When I saw Beautiful Boy, I found myself closing my eyes every time a lighter and spoon appeared. I would sneak one eye open and look through blurred eyelashes to see if the scene had changed, often shutting my eye more quickly than I’d opened it. When I accidentally saw anything “too graphic,” my neck grew hot and my stomach churned. As my friends and I left the theatre, someone asked me, “Did you like the movie?” “No, I did not like the movie. It made me sick and anxious.”

I had my Humanities Moment on the drive home, when I thought about my immediate response; my emotional response. As I gave myself time to consider what the movie provided audiences who have never been exposed to someone battling addiction, my intellectual response emerged. The movie was not made to be liked or disliked; it intentionally revealed the darkest side of addiction with the intention of making the audience uncomfortable. I find that oftentimes the Humanities does the same.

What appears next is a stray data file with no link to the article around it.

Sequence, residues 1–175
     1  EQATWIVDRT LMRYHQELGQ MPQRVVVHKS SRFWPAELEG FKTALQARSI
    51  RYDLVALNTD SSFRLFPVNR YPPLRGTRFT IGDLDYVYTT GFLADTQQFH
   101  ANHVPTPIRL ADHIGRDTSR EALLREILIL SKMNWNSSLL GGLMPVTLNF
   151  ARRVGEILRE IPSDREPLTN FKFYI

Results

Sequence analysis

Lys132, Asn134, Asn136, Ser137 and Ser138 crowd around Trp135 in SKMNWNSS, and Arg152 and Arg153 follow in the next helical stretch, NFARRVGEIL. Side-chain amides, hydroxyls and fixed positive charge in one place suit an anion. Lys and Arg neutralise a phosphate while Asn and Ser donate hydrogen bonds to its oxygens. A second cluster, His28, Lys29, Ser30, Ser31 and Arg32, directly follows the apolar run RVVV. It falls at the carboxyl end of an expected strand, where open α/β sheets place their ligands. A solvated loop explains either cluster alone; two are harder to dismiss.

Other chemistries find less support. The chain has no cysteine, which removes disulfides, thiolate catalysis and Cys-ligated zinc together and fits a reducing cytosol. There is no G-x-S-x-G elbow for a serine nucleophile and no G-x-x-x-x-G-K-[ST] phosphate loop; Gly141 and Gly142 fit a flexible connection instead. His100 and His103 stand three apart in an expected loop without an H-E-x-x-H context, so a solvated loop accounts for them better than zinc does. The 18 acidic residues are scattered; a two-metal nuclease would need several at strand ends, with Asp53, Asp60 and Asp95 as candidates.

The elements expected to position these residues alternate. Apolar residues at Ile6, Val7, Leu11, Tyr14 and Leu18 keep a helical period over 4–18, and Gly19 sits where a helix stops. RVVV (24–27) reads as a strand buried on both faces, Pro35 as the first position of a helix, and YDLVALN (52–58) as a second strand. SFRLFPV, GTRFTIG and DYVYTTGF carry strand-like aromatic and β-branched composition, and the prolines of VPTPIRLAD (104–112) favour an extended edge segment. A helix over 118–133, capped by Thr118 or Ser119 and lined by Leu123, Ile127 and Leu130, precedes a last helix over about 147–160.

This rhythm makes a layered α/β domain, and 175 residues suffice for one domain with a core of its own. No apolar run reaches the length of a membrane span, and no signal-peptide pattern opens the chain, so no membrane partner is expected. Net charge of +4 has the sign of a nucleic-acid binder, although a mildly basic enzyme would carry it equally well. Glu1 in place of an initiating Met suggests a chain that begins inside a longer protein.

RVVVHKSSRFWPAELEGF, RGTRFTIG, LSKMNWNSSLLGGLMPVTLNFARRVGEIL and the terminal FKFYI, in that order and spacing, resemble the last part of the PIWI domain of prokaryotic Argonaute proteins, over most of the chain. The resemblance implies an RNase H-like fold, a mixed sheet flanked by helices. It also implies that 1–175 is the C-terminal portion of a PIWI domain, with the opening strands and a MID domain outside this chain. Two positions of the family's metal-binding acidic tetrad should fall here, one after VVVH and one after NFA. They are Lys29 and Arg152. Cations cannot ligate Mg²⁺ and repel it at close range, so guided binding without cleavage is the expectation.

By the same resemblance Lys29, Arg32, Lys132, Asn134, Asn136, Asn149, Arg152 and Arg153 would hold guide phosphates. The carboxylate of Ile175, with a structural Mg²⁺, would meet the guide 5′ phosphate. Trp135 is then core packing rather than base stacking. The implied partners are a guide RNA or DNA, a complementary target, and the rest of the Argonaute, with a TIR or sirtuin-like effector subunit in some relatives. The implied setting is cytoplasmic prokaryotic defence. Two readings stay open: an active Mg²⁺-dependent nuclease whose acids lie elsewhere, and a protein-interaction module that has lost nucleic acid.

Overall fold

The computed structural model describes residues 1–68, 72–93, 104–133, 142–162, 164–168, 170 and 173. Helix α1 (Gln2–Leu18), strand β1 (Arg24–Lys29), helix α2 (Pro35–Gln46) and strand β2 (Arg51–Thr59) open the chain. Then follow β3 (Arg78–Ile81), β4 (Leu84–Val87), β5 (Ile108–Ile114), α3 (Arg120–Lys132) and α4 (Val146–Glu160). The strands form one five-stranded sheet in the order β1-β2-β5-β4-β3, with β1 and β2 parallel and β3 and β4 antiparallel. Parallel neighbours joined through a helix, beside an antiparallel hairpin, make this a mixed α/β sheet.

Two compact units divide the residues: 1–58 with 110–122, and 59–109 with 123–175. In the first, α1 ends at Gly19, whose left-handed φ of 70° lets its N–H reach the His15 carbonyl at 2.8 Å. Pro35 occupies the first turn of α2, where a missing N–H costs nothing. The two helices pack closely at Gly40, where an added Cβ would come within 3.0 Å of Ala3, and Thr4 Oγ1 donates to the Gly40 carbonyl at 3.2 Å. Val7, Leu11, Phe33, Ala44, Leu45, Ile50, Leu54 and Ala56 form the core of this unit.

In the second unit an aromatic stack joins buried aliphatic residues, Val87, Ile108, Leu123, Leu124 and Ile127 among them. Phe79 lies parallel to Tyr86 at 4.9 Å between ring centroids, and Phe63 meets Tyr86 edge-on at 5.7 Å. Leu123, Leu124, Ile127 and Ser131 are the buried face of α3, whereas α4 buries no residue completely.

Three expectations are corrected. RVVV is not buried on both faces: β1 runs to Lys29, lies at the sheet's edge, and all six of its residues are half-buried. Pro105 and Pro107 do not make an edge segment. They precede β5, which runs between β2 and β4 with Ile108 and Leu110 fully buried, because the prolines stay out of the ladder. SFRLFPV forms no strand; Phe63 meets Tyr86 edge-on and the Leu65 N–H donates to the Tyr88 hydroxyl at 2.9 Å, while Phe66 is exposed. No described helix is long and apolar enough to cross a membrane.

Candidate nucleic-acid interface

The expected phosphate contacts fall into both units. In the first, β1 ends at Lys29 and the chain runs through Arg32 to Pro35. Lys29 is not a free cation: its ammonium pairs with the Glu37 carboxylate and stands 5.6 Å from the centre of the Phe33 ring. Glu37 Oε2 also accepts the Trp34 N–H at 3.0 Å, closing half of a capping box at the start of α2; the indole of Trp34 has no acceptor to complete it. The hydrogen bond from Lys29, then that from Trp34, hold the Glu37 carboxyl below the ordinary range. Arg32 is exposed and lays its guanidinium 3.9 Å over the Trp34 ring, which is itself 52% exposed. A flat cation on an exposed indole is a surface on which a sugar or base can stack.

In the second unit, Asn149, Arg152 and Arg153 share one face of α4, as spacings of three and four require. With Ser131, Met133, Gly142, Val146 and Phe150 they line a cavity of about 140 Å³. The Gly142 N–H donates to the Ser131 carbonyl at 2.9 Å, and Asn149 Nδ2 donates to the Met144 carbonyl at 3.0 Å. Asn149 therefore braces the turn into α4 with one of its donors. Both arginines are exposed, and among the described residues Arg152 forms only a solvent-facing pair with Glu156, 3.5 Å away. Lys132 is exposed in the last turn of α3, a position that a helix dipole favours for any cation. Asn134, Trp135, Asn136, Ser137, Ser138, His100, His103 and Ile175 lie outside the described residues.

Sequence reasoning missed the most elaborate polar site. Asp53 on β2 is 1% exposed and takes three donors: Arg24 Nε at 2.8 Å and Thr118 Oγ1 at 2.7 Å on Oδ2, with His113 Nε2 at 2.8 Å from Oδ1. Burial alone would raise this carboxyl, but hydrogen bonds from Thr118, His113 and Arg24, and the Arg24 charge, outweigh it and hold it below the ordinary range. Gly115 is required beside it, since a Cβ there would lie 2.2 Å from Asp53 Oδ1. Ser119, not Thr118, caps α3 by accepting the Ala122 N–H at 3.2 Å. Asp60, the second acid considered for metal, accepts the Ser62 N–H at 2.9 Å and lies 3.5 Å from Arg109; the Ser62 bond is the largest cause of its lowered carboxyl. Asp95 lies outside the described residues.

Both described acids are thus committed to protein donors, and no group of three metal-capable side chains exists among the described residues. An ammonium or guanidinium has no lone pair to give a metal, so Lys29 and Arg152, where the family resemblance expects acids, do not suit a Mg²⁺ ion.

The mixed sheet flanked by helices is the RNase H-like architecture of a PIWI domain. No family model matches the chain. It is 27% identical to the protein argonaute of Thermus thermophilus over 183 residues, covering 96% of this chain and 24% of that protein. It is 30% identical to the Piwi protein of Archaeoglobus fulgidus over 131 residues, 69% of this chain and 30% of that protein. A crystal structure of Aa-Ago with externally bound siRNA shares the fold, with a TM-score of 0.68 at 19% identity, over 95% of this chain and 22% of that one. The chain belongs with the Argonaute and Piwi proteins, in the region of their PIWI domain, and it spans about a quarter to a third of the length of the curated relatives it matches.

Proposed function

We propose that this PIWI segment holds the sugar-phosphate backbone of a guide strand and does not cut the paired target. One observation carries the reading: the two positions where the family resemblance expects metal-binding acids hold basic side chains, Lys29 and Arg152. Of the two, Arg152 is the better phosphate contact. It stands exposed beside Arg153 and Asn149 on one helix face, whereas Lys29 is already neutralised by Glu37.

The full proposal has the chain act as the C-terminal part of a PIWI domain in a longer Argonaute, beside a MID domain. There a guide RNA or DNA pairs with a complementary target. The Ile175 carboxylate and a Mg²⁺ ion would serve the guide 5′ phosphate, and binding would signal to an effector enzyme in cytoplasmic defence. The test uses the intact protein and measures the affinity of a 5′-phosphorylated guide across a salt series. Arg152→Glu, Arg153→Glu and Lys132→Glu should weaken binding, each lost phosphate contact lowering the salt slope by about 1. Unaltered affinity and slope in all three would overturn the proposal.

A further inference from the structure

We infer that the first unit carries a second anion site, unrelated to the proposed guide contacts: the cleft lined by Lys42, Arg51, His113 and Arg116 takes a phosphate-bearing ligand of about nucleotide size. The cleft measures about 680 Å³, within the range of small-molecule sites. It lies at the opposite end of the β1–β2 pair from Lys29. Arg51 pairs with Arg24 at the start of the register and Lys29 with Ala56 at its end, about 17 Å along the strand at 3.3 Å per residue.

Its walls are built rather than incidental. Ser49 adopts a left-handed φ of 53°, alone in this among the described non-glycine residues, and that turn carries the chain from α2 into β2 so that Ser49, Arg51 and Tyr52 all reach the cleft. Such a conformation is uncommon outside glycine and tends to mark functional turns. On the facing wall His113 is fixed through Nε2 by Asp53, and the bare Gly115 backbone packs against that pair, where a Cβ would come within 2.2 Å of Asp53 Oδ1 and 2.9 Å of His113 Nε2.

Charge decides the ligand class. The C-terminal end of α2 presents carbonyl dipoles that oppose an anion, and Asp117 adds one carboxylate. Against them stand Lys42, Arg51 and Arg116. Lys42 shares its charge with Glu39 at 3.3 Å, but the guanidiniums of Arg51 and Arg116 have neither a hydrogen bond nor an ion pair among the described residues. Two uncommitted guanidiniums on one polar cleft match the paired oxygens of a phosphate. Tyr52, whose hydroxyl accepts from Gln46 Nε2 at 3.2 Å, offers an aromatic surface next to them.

Studying the human condition through various disciplines can reveal dark truths that make us want to close our eyes, but the Humanities challenges us to keep our eyes open. Unearthing all stories, even the darkest of them, allows us to understand our neighbors and grow in compassion. The power of the Humanities is in the moment when we wish to close our eyes, but we keep them open in order to learn.

– Julie Rakowitz (Programs Coordinator Assistant, Glasscock Center for Humanities Research)